Independent
  •  95
    Hobbes’s third jurisprudence: legal pragmatism and the dualist menace
    Canadian Journal of Law and Jurisprudence 33 (1). 2020.
    This paper explores the possibility that Hobbesian jurisprudence is best understood as a ‘third way’ in legal theory, irreducible to classical natural law or legal positivism. I sketch two potential ‘third theories’ of law -- legal pragmatism and legal dualism -- and argue that, when considered in its broadest sense, Leviathan is best viewed as an example of legal pragmatism. I consider whether this legal pragmatist interpretation can be sustained in the examination of Leviathan’s treatment of c…Read more
  •  37
    Secret Law Revisited
    Ratio Juris 32 (4): 473-486. 2019.
    What follows is an attempt to do some conceptual housekeeping around the notion of secret law as provided by Christopher Kutz (2013). First I consider low-salience (or merely obscure) law, suggesting that it fails to capture the legal and moral facts that are at stake in the case which Kutz used to motivate it. Then I outline a theoretical contrast between mere obscurity and secrecy, in contrast to the 'neutral' account of secrecy provided by Sissela Bok (1989). The upshot of the two sections is…Read more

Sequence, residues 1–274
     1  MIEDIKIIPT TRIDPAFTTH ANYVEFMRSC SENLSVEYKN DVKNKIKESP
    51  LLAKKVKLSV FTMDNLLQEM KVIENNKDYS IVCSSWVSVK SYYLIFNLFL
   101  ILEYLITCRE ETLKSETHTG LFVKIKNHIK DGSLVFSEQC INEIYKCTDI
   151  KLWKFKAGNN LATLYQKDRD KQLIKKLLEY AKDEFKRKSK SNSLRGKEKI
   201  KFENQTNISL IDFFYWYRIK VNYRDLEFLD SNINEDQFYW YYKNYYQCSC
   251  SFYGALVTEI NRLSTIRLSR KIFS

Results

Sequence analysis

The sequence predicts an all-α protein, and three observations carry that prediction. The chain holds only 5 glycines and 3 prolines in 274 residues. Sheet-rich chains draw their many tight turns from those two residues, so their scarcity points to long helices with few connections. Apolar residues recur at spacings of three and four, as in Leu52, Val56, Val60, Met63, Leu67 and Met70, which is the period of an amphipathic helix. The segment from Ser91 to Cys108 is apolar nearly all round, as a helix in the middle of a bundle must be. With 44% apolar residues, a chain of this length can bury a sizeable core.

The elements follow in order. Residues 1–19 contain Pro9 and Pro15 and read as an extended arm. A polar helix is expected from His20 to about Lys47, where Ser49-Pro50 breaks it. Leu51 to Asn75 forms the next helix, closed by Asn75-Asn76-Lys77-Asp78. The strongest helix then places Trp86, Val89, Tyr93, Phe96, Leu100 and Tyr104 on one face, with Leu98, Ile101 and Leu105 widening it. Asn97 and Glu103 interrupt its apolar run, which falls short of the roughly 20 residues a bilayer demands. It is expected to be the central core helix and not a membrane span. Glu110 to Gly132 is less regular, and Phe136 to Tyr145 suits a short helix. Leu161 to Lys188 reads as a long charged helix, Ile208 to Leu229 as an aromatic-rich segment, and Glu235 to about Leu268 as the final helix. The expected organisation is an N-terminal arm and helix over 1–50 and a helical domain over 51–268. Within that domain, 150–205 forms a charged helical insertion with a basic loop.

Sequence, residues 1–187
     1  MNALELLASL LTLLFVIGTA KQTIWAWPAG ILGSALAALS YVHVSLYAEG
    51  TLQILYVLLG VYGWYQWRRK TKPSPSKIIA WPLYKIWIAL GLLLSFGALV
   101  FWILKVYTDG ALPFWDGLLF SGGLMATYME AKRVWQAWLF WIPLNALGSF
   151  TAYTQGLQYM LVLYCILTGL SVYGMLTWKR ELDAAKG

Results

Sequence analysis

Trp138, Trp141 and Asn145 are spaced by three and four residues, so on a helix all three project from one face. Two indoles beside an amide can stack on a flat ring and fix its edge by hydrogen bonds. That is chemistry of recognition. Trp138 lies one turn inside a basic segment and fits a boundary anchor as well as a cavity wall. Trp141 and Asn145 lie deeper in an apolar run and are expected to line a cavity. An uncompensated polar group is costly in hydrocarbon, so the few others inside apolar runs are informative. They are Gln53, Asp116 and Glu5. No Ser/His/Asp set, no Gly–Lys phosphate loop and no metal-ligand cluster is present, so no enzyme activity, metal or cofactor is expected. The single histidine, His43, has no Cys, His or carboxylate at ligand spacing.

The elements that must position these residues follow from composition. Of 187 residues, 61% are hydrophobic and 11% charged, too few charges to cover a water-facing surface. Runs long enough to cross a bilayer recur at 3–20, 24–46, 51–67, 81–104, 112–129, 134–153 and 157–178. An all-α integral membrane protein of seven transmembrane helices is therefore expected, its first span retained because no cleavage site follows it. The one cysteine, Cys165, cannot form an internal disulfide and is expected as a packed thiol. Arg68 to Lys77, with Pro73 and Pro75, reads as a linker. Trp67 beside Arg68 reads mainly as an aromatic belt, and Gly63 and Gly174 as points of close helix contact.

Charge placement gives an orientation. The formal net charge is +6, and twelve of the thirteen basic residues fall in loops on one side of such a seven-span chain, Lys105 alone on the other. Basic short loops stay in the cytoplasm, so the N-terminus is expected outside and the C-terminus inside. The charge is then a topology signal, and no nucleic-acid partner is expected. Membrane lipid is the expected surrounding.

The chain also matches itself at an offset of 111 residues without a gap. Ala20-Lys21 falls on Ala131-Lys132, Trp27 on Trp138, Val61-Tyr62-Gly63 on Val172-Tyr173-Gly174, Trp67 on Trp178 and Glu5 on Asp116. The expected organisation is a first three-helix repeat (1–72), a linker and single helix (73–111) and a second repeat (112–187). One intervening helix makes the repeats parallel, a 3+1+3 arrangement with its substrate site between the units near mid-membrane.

•  23
    Making minds like ours
    The Philosophers' Magazine 64 41-45. 2014.
  •  4
    The Depiction of Unwritten Law
    Dissertation, University of Waterloo. 2016.
    Even though tacit legal norms are deeply important to our past, present, and future, the very idea of unwritten law has been difficult to pin down, and problematic in a range of ways. Existing discussions of the phenomenon fall short of adequacy on one of several fronts: either they have focused on describing the normative features of one kind of unwritten law, or completely conflated the study of unwritten law with natural law, or else offered examinations of unwritten social rules, focussing o…Read more